(Updated) The House was behind closed doors Tuesday morning talking about how it will decide to borrow and pay back $955.9 million in Economic Recovery Notes. That’s $301 million less than the Democrats and the Republican Gov. M. Jodi Rell had initially agreed to last year. And it resolves the last piece of the 2011 budget disagreement.
The worksheet lawmakers were given says it will make annual $136.4 million payments on the debt over eight years and it will take a bulk of the money from consumers’ electric bills.
It plans on using the $28.7 million or 35 percent a year of the Conservation Load Management fund and none of the Renewable Energy Investment fund, which helps fund investments in alternative energy like solar and wind. The Conservation Load Management fund comes from a surcharge on consumers electric bills and it helps fund energy efficiency audits that residents and commercial businesses use to lower their energy costs. It’s also the fund that’s helping create green jobs in Connecticut.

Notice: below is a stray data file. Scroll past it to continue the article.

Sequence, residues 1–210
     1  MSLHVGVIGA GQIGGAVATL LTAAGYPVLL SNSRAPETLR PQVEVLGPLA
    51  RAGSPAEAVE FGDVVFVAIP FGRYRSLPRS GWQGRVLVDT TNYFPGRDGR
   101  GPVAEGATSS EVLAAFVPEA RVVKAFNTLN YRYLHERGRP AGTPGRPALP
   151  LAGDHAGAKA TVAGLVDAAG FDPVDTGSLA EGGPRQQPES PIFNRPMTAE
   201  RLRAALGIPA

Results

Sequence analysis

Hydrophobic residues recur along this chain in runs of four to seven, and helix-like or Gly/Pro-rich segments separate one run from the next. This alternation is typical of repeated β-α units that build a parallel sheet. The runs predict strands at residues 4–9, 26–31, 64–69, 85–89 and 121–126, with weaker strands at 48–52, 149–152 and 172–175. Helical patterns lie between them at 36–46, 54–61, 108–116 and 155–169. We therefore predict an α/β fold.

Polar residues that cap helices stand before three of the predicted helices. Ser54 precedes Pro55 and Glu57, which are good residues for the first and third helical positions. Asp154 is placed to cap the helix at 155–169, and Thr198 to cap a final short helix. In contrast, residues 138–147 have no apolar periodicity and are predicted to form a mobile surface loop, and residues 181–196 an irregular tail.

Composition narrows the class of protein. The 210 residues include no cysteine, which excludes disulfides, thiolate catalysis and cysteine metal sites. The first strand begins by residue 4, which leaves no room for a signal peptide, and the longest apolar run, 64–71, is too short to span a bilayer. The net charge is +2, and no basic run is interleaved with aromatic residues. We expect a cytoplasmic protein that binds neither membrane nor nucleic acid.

Jesse Stratton of Environment Northeast estimates that taking a portion of the fund to pay off the debt will cost the state 1,120 jobs a year.
The plan released Tuesday as a compromise between the Democrats and Rell also uses $107.7 million in annual surcharges set to expire for consumers of Connecticut Light and Power, United Illuminating and municipal electric providers.
By continuing the surcharge at 33 percent annually for each of the three utilities will help the state pay back a portion of what it intends to borrow over the next eight years.
Lawmakers didn’t seem happy with the compromise budget because of the decision to use 35 percent of the Conservation Load Management fund, while proponents say the amount will be offset with an $18 revolving loan fund for residents and businesses seeking to increase their energy efficiency.
The 2011 budget also sweeps $9 million from the Banking Fund, $8 million from Connecticut State University reserves, $5 million from the Citizens’ Election Fund, and $5 million from the Community Investment Act. It cuts about $171.6 million from the $18.93 billion budget adopted last year.